Here in WA outside of Wilderness we have few non-motorized designated areas for winter recreation. We have thick forests here, so open terrain is not so common, and it is somewhat rare or less common to have open terrain that has not resulted from avalanche activity. Snowmobiles and skiers are after the same open snow-covered terrain. Before the recent advances in snowmobile technology, fewer non-Wilderness areas were tracked by snowmobiles. Lately, it is becoming apparent that skiers have lost out, many non-Wilderness areas are tracked quickly now by snowmobiles- and including areas recently previously untouched by snowmobiles. USFS non-Wilderness Lands here are defacto motorized playgrounds generally.

    USFS Management of these incompatible uses is sorely needed.

  30. John Gloor April 21st, 2010 9:05 pm

    I am perfectly happy with the allowed usages in wilderness, with one exception. I cannot fathom why a paraglider cannot launch from a remote wilderness peak. They hike the peak like a climber and have absolutely no impact on the peak for their descent. Their gear is about as mechanical as my shoes, and even less so than my ski boots. I condone poaching by paragliders. Even kayaking and canoeing are legal. as a kayaker, I know I leave a lot of plastic in the manky creeks I boat and we cut out a lot of logs.

    I oppose attempts to allow mountain bikes in wilderness. I would hate to have people bombing down trails like the one to Snowmass Lake, but I would do it if it were legal. I know, I am a self serving hypocrite. A few hours of hike-a-bike to the top of Buckskin pass would be rewarded with an awesome descent with today’s bikes. Bikes do not belong in wilderness in my opinion. My biker friends are gonna hate me for advocating that.

    I think the ticket amount for wilderness violations should be split by the ticketing officer and the Forest Service, and the gov’t still pays them to patrol the backcountry. It would pay its way and be a huge incentive. Just like the lift operators who get to keep the fine for ski pass violators. Two tickets a week would match their salary, tax free. I’d quit my job for such an opportunity!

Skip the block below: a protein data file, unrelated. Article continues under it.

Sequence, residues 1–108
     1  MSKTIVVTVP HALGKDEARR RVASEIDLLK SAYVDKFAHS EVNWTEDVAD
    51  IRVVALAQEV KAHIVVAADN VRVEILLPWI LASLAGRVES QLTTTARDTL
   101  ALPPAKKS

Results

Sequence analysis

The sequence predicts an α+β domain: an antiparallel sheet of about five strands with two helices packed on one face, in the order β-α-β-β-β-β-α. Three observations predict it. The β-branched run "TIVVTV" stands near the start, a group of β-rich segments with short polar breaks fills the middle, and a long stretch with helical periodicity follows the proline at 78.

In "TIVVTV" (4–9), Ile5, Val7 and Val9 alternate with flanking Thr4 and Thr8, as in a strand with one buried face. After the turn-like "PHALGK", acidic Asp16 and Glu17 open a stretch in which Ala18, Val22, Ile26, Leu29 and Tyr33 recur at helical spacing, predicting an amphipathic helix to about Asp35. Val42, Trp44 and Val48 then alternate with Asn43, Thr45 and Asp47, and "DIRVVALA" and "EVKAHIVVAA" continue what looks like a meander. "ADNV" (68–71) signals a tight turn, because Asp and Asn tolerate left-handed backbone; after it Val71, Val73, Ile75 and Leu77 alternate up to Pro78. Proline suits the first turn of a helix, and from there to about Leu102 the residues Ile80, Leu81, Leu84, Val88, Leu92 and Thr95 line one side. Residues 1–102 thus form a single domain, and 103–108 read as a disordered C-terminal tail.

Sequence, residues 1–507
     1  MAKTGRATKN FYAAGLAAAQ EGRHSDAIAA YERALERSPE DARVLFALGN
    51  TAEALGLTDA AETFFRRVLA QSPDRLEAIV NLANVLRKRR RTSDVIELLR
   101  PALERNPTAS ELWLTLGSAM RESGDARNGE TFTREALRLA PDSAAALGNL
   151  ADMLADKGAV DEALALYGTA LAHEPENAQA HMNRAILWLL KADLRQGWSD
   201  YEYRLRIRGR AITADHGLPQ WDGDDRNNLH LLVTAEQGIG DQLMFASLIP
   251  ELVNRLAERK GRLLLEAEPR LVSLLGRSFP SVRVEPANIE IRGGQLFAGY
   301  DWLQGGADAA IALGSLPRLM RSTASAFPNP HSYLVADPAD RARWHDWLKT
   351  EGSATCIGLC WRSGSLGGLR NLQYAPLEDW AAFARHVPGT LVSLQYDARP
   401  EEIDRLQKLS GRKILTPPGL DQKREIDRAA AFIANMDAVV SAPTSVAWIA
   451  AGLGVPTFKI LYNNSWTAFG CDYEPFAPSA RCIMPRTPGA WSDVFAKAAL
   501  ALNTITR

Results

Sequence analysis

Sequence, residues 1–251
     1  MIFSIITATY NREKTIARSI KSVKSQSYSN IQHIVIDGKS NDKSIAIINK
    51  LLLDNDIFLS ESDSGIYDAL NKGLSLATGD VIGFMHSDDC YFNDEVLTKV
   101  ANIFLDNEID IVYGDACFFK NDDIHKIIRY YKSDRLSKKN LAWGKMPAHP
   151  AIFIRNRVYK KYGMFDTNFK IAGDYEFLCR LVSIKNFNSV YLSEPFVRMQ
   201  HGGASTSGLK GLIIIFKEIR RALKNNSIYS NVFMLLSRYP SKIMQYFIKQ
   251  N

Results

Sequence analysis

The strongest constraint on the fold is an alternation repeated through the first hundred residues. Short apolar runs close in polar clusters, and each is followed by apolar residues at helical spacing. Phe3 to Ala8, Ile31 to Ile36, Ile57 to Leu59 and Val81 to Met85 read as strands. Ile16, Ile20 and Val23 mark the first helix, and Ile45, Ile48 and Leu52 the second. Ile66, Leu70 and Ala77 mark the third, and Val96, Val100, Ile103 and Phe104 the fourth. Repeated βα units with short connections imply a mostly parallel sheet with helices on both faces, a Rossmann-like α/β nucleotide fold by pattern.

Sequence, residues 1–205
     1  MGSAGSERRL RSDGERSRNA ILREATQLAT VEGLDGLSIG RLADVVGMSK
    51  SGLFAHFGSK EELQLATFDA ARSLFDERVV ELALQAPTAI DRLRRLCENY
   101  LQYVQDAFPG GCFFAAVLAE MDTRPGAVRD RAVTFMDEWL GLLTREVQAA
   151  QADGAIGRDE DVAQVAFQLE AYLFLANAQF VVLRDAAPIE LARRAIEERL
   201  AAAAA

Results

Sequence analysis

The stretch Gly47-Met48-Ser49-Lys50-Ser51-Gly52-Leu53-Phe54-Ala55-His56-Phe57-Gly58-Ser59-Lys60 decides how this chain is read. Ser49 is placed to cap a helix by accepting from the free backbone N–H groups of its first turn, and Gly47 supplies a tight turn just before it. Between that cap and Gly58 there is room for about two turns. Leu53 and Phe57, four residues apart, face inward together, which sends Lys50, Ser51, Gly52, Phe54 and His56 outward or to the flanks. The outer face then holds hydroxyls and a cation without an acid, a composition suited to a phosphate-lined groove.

There should be no more wilderness in the White River National Forest. I am less versed in other forests since I use them less. I do support the nature conservancy and similar groups and I think we need more protected lands in other states which do not have the huge areas of wilderness like Colorado has. How much wilderness is in Iowa/North Dakota/Indiana? I would support the idea of buying people off of their land (voluntarily of course) and establishing large grassland preserves in more populated lands like the midwest. Everyone has their price, and I would like to see the wilderness advocates be willing to pay, instead of take.

    Say NO to the Hidden Gems proposal.

  31. Eric April 21st, 2010 10:07 pm

    Also looking for information on Snirt in the San Jauns. The La Sals in SE Utah got hit pretty good thus ruining what was looking to be a promising corn season.

  32. John Gloor April 21st, 2010 10:23 pm

    I would also be interested to hear about the snirt in the La Sal mountains. I have always wanted to ski one day and bike the next out of Moab.

  33. RandoSwede April 22nd, 2010 1:43 am

    Not trying to put words in your mouth. I didn’t understand your point. I support Wilderness and believe that it should be enforced (more). What gets me is that folks that poach wilderness do so, out of disregard of the established law. In the process thumbing their noses and creating bad feelings among user groups. BTW, I have a snowmobile, a dirt bike and a mountain bike I just don’t feel that limited by wilderness here in MT. Focusing on what is being taken away or what you are being denied doesn’t seem like a good way to go through life.

  34. Lou April 22nd, 2010 6:53 am

    Swede, I’d agree that focusing on the negative is not the way to go through life. Don’t know if you were writing about me in particular, but as you might notice from my blog, I don’t exactly focus on negative stuff day in and day out… But life isn’t perfect so one does have to deal with imperfection sometimes, and sometimes I write about that pesky imperfect stuff.

  35. adam olson April 22nd, 2010 7:22 am

    Thank you Lou nipping in the bud the vandalism issue. I had my sled parked along the road near the Pearl Pass turn off all weekend while we toured around the zone and “mini golfed”. Everyone was respectful of my personal property.

    John Gloor- Iowa has a very large Wilderness Designation along the Mississippi River. Ironically you can take your houseboat or jetski wherever you want within the wilderness, legally.

    From Pearl Basin all one can see is wilderness. As I sat atop West Pearl Sunday I pondered the amount of wilderness I was looking at, I wondered how much is enough? If wilderness advocates were really there for the trees they would realize machines will be needed to keep our precious resources healthy. The Hidden Gemmers seem to be motivated by creating history and not saving the woods. This is unfortunate. If the Hidden Gems proposal passes kiss the trees good-bye! What a shame to handcuff future generations.

  36. jerimy April 22nd, 2010 7:43 am

    Here is a map of the legal Wilderness in the US.

    To address John’s comment about the lack of W in the plains states, there are other ways to protect wildlife and land besides being designated W. Compare the number of wildlife refuges in ND as compared to CO.

    Or Grassland

  37. RandoSwede April 22nd, 2010 8:46 am